The typical perspective a graduate student is someone who is hungry, poor, and hungry. Holed up in the library, or trapped in a lab into the wee hours of the night, the helpless graduate student is at the mercy of his or her tyrannical advisor and can be spotted across campuses with large Ziploc bags at free buffets. Although a caricature of the life of graduate students, let’s be honest: grad school is a stressful time, and most of us can use as much help as we can get. Fortunately, university campuses are built to support students. Here are some “traditional” grad school problems that you may be able to get support for on your campus (if you happen to attend Michigan State University, these are problems you CAN get support for).

Less Money, More Problems

This is the quintessential grad student foible: how do I go to graduate school and afford to eat? Getting funding is hard, but just because you have it doesn’t mean you’re financially secure. Learning how to spend it (or not spend it) will determine if you have food in your cupboard by the semester’s end. Your campus wellness or financial services center may offer financial counseling. Counselors can help you set up a budget, develop a savings plan, or answer questions about how to track and analyze your spending habits. Just because you’re in graduate school doesn’t mean you have to spend it broke and unhappy: learning financial management skills can result in great habits to carry into your professional, post-gradaute life.

Staying Fit

Writing a dissertation or thesis requires energy, and keeping your body in good shape is critical to maintaining a positive outlook. Most campuses have fitness centers: be sure to visit to see what the rates are for gym use and classes. But there are other ways to stay active. Join a student organization that is all about fitness, find a campus running club, or test your mettle in club or intramural sports. You could even apply some of those tuition dollars to a campus fitness class. Also, don’t forget about your mental health: your university should have a counseling office, with trained professionals prepared to talk with you about anything that might be bothering you. Make an appointment and they can help you with pressures relating to your personal life, professional life, or any other life that might be impeding on your ability to function at your best.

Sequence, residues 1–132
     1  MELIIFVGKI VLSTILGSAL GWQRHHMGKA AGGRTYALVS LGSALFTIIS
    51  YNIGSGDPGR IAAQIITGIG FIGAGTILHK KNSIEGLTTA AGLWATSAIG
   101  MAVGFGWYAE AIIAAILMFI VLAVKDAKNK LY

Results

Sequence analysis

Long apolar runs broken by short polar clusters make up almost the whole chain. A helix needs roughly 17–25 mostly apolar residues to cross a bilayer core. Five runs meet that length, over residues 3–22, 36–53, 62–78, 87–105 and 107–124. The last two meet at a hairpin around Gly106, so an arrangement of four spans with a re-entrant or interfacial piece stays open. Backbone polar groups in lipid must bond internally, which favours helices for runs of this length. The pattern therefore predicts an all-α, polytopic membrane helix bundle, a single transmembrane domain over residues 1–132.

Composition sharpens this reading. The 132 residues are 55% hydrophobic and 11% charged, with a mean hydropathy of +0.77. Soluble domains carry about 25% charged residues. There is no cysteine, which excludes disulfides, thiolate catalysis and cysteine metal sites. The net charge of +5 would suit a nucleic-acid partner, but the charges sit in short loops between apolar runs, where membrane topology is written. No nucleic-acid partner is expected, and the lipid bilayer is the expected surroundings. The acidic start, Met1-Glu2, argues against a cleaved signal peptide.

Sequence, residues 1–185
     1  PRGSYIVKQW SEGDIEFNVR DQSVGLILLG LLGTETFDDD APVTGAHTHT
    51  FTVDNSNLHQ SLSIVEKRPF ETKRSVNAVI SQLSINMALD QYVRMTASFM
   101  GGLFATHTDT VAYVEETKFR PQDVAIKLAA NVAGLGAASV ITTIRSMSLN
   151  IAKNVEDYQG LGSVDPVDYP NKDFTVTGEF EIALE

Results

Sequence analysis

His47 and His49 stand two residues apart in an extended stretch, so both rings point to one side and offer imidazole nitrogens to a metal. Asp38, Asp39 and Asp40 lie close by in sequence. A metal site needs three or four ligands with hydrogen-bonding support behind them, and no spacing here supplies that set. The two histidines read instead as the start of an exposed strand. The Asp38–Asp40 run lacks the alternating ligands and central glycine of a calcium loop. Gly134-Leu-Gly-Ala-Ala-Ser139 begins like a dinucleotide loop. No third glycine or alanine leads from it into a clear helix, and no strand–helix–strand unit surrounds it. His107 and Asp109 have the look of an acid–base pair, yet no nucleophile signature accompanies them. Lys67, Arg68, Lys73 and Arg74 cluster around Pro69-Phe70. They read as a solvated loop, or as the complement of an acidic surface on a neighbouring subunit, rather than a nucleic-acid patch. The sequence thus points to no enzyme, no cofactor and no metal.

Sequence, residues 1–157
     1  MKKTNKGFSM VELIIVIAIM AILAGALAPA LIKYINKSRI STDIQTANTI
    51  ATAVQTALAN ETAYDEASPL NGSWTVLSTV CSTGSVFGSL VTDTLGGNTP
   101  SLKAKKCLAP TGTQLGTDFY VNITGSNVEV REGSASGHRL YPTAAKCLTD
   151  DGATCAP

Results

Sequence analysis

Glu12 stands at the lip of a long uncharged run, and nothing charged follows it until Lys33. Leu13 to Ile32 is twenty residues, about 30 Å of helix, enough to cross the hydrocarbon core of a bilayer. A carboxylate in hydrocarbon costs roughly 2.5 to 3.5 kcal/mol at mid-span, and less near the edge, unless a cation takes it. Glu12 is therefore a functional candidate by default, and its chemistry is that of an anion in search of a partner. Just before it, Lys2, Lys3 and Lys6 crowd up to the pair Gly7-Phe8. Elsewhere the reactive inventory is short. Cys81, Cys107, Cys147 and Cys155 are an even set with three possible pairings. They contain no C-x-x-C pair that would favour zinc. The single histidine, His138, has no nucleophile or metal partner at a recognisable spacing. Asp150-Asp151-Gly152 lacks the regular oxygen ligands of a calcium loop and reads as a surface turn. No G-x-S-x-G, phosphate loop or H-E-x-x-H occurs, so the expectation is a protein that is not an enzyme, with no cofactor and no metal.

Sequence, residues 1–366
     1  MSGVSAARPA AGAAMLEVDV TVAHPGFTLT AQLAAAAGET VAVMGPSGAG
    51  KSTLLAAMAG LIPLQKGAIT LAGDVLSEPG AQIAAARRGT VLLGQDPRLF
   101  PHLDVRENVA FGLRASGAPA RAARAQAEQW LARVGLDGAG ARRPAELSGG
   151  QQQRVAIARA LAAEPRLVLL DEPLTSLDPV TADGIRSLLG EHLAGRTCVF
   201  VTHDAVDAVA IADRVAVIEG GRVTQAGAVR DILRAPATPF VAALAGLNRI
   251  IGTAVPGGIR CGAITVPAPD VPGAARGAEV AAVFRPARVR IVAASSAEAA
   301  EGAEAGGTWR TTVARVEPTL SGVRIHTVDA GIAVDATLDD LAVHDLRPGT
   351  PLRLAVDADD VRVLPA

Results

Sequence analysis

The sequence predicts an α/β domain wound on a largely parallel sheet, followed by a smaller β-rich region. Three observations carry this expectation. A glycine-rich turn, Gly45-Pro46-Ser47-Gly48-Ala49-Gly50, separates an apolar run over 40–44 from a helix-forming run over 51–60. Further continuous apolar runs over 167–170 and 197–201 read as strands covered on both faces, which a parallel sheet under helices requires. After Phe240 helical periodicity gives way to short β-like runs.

Career Readiness

Getting control of your career goals is an important element of graduate school. Fortunately, your Career Services Department is there to help you develop an academic and professional portfolio that will focus on your strengths. Get advice about the job search, your CV and resume, or connect with alums in your field. Make this visit early in the game: learning about important professional development skills such as networking, keeping the CV updated, and how to use social media effectively are skills better learned early rather than late, and give you the chance to hit the job market at full speed.

All in the Family

Many of us don’t venture into graduate school alone: we bring a spouse and/or children into this adventure with us. A Family Resource Center can help you with anything ranging from finding affordable child care to parenting classes and workshops, or a list of fun things to do with your family at the university and in the local community. Being in graduate school can be stressful not only for the student, but for families, too. Taking advantage of family resources provide a great way to make sure your family stays strong during your trip through graduate school.

The Graduate School

Visit your graduate school website. They offer so many different programs and lectures and workshops on a whole host of activities related to your professional development and personal wellness. These can range from organizing and managing your committee to teaching practices to writing grant proposals and everything in between. This is your most valuable campus resource, and one that most graduate students don’t think to engage.